Eko Straza and citizens in action against air pollution in Serbia

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Eko Straza is one of the civic initiatives that with activism and protests across the country has contributed most to bringing environmental issues to the centre of public and political debate in Serbia. We interviewed Stanislav Vuckovic, an activist of the group

What is the idea behind Eko Straza?

Eko Straza  was created four years ago. The trigger was the bad situation of air pollution in Belgrade, which could be noticed by the pure smell of the air, especially during winter. At the beginning our activity focused on sharing information about air pollution in Belgrade through our Facebook page; then, as more and more people joined the initiative, we expanded the focus from the capital to the entire country. After some time, besides information sharing, we started to organise some in-person activities, mostly protests, cleaning up of illegal dumps, or collection of garbage. As for the protests, we usually organise them during winter, when the situation is worse and it is easier to motivate people to go on the street.

Why did you decide to focus on air pollution?

We decided to focus on air pollution because it is the most immediate threat that needs to be handled as soon as possible. Some estimates show that around 10,000 people a year prematurely die as a consequence of the prolonged exposure to air pollution. Many people do not take the matter seriously, but the toxins that we breathe can exacerbate pre existing illnesses and have dramatic consequences. Just because air pollution does not kill people on the spot it does not mean that it is not dangerous.

What is the current situation of air quality in Serbia? 

During the heating season – from mid October to mid April – every city, especially those located in between mountains or hills, have an air quality of third or sometimes fourth category, which means very to extremely polluted. Outside the heating season and during summer there are bad episodes of air pollution which are mostly linked to illegal dumps or dumps that are not correctly managed that cause spontaneous fires with toxic fumes.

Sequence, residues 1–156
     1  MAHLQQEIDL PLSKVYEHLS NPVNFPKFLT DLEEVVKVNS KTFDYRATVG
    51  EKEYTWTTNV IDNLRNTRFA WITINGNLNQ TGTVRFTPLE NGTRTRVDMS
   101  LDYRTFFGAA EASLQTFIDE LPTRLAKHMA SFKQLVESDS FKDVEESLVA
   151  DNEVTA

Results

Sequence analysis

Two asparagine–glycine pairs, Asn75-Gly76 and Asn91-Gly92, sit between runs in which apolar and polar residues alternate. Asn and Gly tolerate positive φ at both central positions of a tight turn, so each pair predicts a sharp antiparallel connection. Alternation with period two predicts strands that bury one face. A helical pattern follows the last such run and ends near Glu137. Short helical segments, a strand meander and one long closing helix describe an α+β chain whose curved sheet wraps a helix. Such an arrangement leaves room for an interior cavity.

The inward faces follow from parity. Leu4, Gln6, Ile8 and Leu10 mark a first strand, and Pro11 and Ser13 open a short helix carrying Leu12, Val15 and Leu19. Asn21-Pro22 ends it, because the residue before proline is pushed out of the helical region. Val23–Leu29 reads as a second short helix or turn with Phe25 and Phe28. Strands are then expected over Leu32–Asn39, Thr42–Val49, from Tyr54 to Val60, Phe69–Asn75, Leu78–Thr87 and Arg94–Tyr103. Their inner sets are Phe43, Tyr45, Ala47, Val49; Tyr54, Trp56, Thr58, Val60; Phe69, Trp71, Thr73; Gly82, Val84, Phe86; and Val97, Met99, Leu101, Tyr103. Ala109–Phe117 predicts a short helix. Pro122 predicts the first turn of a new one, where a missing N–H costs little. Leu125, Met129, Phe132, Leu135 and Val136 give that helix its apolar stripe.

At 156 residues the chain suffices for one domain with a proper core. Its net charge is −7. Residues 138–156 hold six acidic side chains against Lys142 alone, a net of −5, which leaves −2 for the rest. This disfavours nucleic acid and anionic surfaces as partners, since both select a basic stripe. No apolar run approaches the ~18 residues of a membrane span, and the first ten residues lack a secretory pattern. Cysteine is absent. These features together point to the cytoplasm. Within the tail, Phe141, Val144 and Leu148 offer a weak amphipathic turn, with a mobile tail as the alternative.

What do you think are the main achievements of Eko Straza?

Before Eko Straza started to raise awareness about it, air pollution was not even considered a problem in Serbia, and nobody talked about it, not even the media. On the contrary, today not only air pollution, but environmental protection in general is regarded almost as a primary political issue. Since the beginning, we have been talking about this and other environmental issues, such as mining or river pollution, every day. So from a non-existent issue, thanks to our activism air pollution and environmental protection have become central topics in the political debate. That is what Eko Straza managed to achieve.

What is the profile of  Eko Straza’s activists?

There is a group of around 20 people that is the core of the initiative. These people are all volunteers and dedicate quite a lot of their time to Eko Straza’s activities. The majority of our activists are parents, who are worried about their own and their children’s health. They are well-educated and mostly come from urban areas. There are fewer people from villages or small towns, but they are not very active. In villages people somehow think that they live in a healthier environment and they are not exposed to pollution. In fact, air pollution is less apparent to them because official measuring stations are installed only in cities, and if you want to measure pollution, you have to buy your own device, which many people cannot afford. So probably they are less active because they are also less aware of the problem; they think that they live in some kind of bubble.

How do you reach out to people in peripheral areas to make them more aware of the problem?  

We asked our public broadcaster to broadcast information about air pollution during the main evening news: depending on their location, people would see in a corner of their screen some information about pollution. We are happy because our request was accepted, even though it is not implemented in a satisfactory way because the broadcasters do not pay enough attention to this information.

You mentioned that official monitoring stations are located in urban areas, so they do not cover the entire territory. Do you know if there are any plans by the authorities to establish new ones in peripheral areas?